“This is a challenge felt by residents and workers not just in West Seattle, but in the neighboring communities, including South Park and Georgetown,” the coalition writes. “Cut-through traffic has increased sharply in these neighborhoods in the last several months, bringing with it safety risks to residents walking and biking in these neighborhoods–which already suffer from lack of sidewalks and safe, dedicated bikeways. Another issue is increased pollution in communities that have already, for generations, borne the brunt of environmental impacts in Seattle.”

In addition to funding infrastructure improvements, advocates are demanding investment in programming that would help make cycling in West Seattle accessible to people of all ages, abilities, languages, ethnicities, genders and races. Programmatic ideas proposed in the letter include:

  • Supporting low-income bike riders with subsidies or loans for bikes and bike maintenance;
  • On-trail activations such as via “trail ambassadors” to support new riders with routine guidance, etc;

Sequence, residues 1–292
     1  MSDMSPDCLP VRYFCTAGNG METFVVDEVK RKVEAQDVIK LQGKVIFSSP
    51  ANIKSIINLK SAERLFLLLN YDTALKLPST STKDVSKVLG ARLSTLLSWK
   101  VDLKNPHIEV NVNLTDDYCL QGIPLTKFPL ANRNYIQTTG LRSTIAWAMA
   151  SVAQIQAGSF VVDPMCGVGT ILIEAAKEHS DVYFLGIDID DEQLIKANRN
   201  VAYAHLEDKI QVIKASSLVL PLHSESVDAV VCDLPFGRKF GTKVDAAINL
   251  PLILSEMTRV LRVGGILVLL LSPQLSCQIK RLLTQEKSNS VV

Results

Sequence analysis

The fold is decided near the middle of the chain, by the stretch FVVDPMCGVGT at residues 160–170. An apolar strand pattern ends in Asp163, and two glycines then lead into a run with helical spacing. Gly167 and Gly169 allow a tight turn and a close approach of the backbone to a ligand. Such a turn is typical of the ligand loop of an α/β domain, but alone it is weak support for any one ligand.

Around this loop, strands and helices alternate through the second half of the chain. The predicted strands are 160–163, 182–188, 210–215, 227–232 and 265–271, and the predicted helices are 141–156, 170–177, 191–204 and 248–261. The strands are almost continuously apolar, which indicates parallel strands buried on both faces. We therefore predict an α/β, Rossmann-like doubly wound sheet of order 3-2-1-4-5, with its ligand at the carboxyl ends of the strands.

• Provision for high capacity, covered, secure bike parking hubs in key downtown locations and transit hubs;
  • Maps and routing information in multiple languages.
  • Bike maintenance and bike education training targeting communities with historically less access to those skills.

The Urbanist has endorsed this vision for biking as a sustainable, affordable, and healthy mode of transportation for West Seattleites and the investment that entails. Hundreds of millions will be poured into maintaining car capacity on the West Seattle Bridge in the next few years. In that environment, finding a few million more for bicycling infrastructure would be a drop in the bucket, and it would pay larger dividends.